The Court of Accounts, an administrative body created by provincial Executive Order N° 960/3 is responsible for reviewing the expenditure of public funds by any provincial governmental entity. It also has ex post facto control over all administrative actions, including actions taken by public officials, involving public funds.98 At the relevant time, the Court of Accounts was made up of a number of the directors, nominated by the Governor and whose appointment was then ratified by the Legislature. Between 1995 and 1999 directors served a fixed term and could only be removed following a special political proceeding known as "juicio politico". The directors are not part of the judiciary.99 Though technically not part of the judicial branch, the decisions of the Court of Accounts are binding and are subject to appeal before the Contentious Administrative Court of Appeals (Cámara Contencioso-Administrativo) which is part of the Judiciary.100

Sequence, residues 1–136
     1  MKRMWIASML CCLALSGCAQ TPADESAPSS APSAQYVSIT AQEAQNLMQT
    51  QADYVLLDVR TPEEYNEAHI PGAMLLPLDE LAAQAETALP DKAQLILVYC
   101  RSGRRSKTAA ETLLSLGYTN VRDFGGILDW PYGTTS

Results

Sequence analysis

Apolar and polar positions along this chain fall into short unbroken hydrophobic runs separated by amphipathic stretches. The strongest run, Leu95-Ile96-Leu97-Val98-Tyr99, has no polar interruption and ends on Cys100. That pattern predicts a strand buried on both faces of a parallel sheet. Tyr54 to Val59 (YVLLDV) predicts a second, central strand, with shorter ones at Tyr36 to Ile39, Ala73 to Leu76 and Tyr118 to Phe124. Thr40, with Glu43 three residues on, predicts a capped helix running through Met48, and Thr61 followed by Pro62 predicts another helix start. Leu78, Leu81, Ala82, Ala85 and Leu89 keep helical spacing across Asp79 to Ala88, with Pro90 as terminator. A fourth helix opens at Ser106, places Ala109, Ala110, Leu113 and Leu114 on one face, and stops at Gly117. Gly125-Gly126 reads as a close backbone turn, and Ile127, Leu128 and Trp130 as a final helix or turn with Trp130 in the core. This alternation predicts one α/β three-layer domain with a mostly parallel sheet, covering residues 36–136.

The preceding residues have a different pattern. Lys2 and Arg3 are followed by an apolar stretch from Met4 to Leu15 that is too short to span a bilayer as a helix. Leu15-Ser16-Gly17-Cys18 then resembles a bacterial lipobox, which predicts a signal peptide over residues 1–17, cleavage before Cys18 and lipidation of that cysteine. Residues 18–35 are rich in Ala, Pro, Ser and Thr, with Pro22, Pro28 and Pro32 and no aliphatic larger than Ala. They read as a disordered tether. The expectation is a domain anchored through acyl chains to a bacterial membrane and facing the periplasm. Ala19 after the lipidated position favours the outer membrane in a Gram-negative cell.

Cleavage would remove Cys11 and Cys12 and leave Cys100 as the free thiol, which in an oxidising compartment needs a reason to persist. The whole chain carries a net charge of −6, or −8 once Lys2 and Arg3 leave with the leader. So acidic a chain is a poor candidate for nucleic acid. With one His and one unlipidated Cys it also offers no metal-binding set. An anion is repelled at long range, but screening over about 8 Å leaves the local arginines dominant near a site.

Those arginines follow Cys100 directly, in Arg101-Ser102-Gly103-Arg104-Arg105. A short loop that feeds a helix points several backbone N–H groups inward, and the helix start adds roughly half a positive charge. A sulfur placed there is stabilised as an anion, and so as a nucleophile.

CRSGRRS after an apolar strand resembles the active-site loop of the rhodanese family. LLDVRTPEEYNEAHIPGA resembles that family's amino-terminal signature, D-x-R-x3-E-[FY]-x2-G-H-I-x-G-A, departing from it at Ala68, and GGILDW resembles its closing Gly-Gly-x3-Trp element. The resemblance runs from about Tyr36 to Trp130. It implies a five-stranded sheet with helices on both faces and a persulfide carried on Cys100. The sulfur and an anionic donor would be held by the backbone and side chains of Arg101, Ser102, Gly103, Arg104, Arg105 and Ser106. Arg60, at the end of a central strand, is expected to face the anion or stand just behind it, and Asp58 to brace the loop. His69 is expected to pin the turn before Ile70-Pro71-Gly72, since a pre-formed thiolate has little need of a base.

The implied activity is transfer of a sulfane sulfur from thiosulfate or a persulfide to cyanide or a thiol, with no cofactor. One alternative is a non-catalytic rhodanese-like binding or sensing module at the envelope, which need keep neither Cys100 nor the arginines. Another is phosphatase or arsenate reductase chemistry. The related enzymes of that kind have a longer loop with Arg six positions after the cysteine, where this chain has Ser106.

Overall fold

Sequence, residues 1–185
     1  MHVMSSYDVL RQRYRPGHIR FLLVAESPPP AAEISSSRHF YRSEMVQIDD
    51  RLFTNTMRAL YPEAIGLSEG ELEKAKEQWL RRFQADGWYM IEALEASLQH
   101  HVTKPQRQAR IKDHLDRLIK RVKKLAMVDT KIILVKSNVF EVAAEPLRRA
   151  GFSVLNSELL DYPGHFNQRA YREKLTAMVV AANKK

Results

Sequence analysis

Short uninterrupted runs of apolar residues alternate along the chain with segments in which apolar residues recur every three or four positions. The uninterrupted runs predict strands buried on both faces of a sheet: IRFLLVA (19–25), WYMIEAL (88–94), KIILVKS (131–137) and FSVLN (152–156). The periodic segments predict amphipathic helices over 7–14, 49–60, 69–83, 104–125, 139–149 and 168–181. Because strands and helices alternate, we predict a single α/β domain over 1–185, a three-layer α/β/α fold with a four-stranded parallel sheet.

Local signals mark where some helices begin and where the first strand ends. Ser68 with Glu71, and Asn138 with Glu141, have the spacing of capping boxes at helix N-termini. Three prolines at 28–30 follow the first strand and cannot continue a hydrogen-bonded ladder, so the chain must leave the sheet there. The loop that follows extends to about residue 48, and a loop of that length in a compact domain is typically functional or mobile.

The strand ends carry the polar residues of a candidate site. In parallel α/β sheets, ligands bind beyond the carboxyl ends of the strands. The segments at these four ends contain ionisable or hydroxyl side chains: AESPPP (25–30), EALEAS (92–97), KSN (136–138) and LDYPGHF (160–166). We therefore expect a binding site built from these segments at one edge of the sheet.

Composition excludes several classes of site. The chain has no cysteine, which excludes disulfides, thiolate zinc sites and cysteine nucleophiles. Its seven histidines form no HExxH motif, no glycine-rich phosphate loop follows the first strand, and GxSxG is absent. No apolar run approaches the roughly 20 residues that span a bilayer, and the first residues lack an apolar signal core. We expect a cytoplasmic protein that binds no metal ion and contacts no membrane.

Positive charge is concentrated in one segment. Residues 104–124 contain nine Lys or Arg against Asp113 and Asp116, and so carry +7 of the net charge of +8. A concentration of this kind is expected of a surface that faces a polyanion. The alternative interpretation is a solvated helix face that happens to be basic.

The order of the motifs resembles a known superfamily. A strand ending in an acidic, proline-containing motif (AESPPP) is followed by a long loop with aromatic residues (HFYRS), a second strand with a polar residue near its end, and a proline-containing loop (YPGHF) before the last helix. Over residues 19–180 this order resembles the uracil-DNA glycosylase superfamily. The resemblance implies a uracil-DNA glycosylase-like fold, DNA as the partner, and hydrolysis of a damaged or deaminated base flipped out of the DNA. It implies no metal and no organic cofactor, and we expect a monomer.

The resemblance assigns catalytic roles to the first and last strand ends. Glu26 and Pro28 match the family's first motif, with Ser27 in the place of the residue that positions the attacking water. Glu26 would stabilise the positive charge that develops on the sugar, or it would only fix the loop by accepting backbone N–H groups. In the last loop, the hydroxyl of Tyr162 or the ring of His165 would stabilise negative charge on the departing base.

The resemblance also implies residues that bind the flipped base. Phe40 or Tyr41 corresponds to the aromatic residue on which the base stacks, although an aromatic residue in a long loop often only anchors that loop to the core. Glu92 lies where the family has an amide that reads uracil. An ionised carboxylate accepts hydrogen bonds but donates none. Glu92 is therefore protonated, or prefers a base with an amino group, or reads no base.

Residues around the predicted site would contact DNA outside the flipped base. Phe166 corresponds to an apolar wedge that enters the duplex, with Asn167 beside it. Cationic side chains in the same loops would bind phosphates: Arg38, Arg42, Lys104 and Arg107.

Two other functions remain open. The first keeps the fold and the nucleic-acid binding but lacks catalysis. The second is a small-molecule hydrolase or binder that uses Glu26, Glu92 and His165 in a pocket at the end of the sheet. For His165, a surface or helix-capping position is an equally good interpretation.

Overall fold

4.7. System Condition on Takeover

4.7.1.
The condition of the water and sewage facilities in Tucumán at that time they were transferred to CAA in late July 1995 was very bad and had declined rapidly in the months immediately preceding the transfer. This rapid degeneration appears to have been caused by a variety of factors including neglect (this set in following the April 1993 provincial approval of the privatisation - the Province generally withdrew its financial support while DiPOS was still the official system operator),101 abuse and looting.
4.7.2.
The general deterioration of the system which occurred at this time was not controverted in its essentials and is reflected in the minutes of the Joint DiPOS/CAA Commission: